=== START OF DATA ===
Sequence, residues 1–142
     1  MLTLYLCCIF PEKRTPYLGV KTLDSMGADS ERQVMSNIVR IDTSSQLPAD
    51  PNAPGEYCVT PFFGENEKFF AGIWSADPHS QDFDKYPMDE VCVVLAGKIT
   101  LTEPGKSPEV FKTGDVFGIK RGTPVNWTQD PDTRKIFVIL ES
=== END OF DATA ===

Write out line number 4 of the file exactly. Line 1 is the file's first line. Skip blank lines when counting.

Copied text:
   101  LTEPGKSPEV FKTGDVFGIK RGTPVNWTQD PDTRKIFVIL ES